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How to Set Expectations for Employees During the Holidays

How to Set Expectations for Employees During the Holidays

The holiday season is always synonymous with travel, anticipation, and a certain level of stress for employers and employees alike. This year will look very different from years past, perhaps with even more stress and uncertainty as employees plan for the holidays amidst a pandemic that’s showing no sign of slowing down. As workforces enter into this uncharted territory this holiday season, the need for HR preparednessand flexibilityis paramount.

 

5 Considerations this Holiday Season

The biggest challenge this holiday season is navigating the usual hustle and bustle while mitigating the spread of COVID-19 among your workforce and taking care of business needs. Employers should consider the following issues that might come up this holiday season:

  1. Traveling Risks: While there’s a lot of risk for employees to consider when traveling during the holidays, employees will probably still visit loved ones. Furthermore, employers can’t prevent employees from taking non-work trips during the pandemic. The biggest risk here applies especially if your employees have returned to in-office work. If your employees are travelling to high-risk areas this holiday season, are they returning to the office? Does your company have a quarantining policy in place, and if so, are they still able to work from home? 
  2. Remote Work Issues: Even if your employees are used to working remotely by now, the holidays could mean that they’re working from a new location. Is their internet speed at their relative’s home fast enough, especially if the whole family is using it? Do they have a private place to get work done? Employers can best support employees who are working from different locations by coming up with a game plan for where they’ll be working from, checking in regularly, and remaining flexible as issues arise.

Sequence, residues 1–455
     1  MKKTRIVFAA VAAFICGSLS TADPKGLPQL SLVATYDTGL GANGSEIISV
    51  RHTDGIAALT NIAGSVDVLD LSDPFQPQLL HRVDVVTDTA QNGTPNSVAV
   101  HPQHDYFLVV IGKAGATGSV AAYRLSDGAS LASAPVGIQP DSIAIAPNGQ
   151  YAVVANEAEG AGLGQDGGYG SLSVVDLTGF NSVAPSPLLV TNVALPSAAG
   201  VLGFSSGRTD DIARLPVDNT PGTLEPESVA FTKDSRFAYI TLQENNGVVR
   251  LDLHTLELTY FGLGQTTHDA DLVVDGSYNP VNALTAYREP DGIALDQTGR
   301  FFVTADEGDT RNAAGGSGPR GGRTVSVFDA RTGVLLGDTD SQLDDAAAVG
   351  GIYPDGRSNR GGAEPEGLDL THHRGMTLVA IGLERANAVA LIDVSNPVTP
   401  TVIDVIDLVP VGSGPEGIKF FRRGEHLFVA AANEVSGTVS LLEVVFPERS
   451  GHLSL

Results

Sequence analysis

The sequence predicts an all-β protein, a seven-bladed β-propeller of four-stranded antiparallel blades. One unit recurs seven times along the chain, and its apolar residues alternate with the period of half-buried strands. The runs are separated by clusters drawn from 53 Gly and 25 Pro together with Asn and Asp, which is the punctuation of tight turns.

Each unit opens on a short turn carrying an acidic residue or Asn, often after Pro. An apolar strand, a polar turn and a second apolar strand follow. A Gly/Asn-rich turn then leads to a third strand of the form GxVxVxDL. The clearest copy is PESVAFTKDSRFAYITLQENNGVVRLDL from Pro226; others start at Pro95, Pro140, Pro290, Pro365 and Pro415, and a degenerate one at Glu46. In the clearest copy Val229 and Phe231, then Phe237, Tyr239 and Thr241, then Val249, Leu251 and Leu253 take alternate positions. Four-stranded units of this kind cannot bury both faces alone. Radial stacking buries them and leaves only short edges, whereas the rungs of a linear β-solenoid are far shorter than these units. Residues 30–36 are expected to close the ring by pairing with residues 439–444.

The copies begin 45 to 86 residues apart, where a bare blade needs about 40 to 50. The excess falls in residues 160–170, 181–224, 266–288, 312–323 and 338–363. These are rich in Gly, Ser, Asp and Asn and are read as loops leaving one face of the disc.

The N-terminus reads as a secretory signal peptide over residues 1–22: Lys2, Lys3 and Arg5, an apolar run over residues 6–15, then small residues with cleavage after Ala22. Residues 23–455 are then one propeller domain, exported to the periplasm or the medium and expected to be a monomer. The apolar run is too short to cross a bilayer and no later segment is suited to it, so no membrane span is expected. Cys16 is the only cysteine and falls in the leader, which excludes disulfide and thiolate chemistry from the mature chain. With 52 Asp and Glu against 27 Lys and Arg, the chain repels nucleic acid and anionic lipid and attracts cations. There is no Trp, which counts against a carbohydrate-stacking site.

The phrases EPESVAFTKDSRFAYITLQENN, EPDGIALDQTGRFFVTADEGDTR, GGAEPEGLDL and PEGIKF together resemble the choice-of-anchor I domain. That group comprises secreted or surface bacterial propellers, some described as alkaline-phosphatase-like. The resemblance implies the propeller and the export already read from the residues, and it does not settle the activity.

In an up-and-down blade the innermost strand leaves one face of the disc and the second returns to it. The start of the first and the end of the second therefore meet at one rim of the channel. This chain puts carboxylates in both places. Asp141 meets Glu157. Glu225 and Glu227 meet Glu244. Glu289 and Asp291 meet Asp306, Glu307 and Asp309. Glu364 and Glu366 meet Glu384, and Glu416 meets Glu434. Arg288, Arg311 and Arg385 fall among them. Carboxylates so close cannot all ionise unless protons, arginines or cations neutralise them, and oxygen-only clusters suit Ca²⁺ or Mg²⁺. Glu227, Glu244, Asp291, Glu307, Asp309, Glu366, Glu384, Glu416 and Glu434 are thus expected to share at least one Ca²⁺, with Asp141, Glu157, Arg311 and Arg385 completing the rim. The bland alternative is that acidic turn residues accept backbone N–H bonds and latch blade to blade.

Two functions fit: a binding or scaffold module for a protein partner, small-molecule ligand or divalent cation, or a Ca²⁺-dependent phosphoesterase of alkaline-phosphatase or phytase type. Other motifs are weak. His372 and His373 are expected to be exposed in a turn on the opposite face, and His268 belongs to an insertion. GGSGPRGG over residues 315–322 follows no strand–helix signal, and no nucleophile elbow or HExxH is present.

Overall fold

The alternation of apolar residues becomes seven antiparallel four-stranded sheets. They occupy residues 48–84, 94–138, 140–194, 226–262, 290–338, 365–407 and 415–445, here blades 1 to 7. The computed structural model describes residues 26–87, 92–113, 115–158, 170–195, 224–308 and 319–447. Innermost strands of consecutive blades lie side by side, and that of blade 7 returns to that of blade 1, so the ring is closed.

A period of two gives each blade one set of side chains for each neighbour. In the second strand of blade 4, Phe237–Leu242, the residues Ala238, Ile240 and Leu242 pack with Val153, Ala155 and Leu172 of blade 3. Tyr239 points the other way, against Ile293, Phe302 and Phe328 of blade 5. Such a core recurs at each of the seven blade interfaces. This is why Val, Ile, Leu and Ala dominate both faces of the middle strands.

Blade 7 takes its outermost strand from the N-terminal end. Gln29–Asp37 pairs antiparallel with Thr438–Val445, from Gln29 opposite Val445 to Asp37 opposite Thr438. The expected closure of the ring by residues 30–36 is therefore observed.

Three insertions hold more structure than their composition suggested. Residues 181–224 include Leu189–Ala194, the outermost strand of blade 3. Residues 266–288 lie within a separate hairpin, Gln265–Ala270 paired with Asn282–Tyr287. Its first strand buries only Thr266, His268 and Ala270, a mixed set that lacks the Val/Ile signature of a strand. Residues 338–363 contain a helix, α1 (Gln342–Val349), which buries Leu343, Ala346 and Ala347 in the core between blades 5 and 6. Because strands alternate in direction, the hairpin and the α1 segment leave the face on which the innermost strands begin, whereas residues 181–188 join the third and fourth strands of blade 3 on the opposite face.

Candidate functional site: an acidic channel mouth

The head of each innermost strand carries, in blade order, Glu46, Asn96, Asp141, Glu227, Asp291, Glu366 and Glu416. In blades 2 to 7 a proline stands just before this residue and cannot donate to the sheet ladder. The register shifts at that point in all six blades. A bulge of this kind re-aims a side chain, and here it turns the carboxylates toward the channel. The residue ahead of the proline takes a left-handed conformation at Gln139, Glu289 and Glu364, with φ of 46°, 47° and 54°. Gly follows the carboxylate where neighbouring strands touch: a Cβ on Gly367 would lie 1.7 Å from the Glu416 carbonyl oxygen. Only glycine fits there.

3. Time Zone Differences: If employees are able to travel to visit family during the holiday, it’s very possible they might be traveling to a different time zone. If one of your employees is traveling to a location on Pacific Standard Time, but your company is located in Eastern Standard Time, that means the time difference is three hours. If your team meets daily virtually or has important scheduled calls, be sure you have a plan to either accommodate the different time zones or set reminders for the employees working on different time zones to avoid missed appointments. Employers can help support employees in different time zones by rescheduling meetings at hours that work best for everyone (instead of early morning) and taking note of the dates when each team member is traveling so their expectations can be aligned.
  4. Holiday Parties: Holiday parties are usually a highly anticipated time for companies to thank and celebrate their teams. However this year, employers will want to rethink their holiday party plans. For employers wanting to celebrate their teams and the holiday season while keeping them safe, alternatives include virtual parties or postponing the celebration.
  5. Time Off Planning: Setting expectations with time off will help your employees plan for the holidays as well as ensure that business needs are met, especially if Q4 is your company’s busy season. Be sure your employees are aware of their PTO policy, especially if it includes any blackout periods. Since paid time off is offered optionally and at employers’ discretion, employers have the ability to block off periods of time when no PTO requests will be approved as long as the policy does not conflict with any state or local laws or union employee contracts. If you’re able to create flexibility when it comes to employees taking time off during the holidays, be sure you clearly communicate those expectations.

 

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